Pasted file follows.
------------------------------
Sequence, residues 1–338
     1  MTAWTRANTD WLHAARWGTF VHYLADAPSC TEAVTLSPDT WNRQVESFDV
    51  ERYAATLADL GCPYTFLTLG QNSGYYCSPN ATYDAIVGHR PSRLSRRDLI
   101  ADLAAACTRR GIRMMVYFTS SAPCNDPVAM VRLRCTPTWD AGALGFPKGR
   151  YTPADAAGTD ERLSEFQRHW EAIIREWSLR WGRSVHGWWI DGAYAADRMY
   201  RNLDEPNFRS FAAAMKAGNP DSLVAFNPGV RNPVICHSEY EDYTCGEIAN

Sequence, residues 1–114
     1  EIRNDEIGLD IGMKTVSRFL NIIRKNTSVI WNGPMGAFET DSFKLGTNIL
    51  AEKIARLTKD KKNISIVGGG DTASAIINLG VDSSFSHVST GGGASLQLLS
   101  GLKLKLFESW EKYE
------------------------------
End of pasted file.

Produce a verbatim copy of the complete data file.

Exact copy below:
Sequence, residues 1–338
     1  MTAWTRANTD WLHAARWGTF VHYLADAPSC TEAVTLSPDT WNRQVESFDV
    51  ERYAATLADL GCPYTFLTLG QNSGYYCSPN ATYDAIVGHR PSRLSRRDLI
   101  ADLAAACTRR GIRMMVYFTS SAPCNDPVAM VRLRCTPTWD AGALGFPKGR
   151  YTPADAAGTD ERLSEFQRHW EAIIREWSLR WGRSVHGWWI DGAYAADRMY
   201  RNLDEPNFRS FAAAMKAGNP DSLVAFNPGV RNPVICHSEY EDYTCGEIAN

Sequence, residues 1–114
     1  EIRNDEIGLD IGMKTVSRFL NIIRKNTSVI WNGPMGAFET DSFKLGTNIL
    51  AEKIARLTKD KKNISIVGGG DTASAIINLG VDSSFSHVST GGGASLQLLS
   101  GLKLKLFESW EKYE